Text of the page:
[Haskell-cafe] Assignment, Substitution or what?

Jules Bean jules at jellybean.co.uk
Wed Oct 3 07:09:08 EDT 2007

PR Stanley wrote:
> Yes and thanks for the reply.
> When a function is declared in C the argument variable has an address 
> somewhere in the memory:
> int f ( int x ) {
> return x * x;
> }
> any value passed to f() is assigned to x. x is the identifier for a real 
> slot in the memory (the stack most likely) made available for f().
> Is this also what happens in Haskell?

It is not, in my opinion, an unreasonable intuition.

What's interesting to note is that because haskell values are immutable, 
there is no need for this to be a *new* memory location. In fact, in a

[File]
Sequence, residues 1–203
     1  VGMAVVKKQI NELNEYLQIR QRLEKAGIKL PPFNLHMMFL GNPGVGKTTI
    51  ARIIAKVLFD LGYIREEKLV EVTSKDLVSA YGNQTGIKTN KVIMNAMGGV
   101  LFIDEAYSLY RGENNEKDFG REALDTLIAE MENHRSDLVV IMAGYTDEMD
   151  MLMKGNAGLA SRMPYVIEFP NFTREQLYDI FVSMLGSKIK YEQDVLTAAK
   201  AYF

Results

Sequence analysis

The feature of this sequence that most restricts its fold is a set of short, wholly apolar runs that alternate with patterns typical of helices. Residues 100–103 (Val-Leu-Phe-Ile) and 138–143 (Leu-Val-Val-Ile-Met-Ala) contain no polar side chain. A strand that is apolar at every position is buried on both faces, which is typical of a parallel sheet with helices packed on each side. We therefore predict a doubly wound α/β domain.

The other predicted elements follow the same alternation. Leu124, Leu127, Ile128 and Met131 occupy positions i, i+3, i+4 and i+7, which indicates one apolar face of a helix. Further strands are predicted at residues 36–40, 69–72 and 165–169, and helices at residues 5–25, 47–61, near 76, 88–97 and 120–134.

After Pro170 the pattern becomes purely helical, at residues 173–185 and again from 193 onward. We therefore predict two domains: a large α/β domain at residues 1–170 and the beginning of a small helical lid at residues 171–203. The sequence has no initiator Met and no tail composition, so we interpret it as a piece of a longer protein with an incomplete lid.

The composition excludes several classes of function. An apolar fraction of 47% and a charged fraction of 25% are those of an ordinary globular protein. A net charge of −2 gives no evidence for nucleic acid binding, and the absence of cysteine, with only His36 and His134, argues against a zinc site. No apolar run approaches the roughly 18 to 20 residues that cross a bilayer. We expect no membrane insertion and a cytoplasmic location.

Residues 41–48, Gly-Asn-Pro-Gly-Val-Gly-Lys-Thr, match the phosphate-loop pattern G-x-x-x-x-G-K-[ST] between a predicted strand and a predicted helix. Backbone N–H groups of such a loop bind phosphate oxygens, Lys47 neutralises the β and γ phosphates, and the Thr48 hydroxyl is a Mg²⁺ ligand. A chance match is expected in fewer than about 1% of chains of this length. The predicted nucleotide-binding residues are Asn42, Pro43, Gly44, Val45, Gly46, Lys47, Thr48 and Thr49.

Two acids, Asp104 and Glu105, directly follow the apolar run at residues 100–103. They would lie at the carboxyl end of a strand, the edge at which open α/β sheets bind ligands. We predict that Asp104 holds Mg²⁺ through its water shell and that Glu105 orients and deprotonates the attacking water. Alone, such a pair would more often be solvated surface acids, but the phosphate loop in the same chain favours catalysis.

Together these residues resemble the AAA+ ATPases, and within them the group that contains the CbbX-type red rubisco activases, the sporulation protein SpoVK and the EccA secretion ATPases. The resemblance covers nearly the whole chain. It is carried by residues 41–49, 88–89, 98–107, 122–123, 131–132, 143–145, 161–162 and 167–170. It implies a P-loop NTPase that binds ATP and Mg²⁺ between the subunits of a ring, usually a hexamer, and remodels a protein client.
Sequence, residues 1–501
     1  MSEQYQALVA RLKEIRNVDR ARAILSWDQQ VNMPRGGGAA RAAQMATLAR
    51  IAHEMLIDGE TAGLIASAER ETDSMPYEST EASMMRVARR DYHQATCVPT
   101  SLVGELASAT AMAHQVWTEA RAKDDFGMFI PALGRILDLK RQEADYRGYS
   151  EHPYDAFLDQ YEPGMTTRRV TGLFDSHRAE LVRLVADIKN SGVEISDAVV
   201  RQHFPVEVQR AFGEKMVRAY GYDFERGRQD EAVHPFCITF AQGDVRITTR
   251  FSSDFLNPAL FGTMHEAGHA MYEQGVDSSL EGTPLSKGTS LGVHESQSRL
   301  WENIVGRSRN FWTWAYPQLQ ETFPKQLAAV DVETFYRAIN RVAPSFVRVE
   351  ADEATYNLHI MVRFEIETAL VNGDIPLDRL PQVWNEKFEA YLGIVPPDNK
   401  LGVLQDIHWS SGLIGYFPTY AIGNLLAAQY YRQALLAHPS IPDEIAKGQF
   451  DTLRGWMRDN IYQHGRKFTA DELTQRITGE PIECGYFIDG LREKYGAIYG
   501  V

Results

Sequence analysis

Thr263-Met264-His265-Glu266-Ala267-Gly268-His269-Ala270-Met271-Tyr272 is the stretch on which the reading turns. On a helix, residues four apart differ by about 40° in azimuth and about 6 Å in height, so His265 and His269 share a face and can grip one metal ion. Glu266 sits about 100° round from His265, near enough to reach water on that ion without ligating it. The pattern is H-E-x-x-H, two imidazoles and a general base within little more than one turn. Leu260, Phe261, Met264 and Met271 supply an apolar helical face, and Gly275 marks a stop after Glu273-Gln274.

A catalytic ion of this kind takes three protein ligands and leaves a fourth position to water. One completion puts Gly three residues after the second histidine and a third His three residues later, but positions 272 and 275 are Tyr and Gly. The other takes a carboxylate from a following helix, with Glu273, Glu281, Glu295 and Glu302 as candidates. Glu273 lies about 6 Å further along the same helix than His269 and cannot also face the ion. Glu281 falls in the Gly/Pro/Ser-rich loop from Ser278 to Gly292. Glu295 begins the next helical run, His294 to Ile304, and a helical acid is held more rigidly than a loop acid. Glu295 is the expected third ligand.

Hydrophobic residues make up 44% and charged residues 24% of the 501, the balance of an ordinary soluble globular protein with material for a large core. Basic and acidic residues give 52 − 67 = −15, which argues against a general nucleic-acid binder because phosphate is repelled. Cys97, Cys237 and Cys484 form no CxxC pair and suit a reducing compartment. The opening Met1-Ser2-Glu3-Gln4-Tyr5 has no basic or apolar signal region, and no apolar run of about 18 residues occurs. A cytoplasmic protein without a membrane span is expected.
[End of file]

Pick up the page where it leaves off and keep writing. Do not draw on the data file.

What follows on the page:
typical simple haskell implementation what f is actually passed is a 
pointer to to the existing memory location. Procedure call in haskell 
doesn't normally involve argument copying, because with immutability 
there is no need for copying.

Of course 'x*x' is a new value, so new memory is definitely allocated 
for that.

The next epiphany of understanding is when you realise that what 
actually goes into that new memory is a code pointer, rather than a 
value. Instead of calculating 'x*x' the compiler simply chucks a pointer 
to the code which, when called, will calculate x*x. This code is only 
called if needed.


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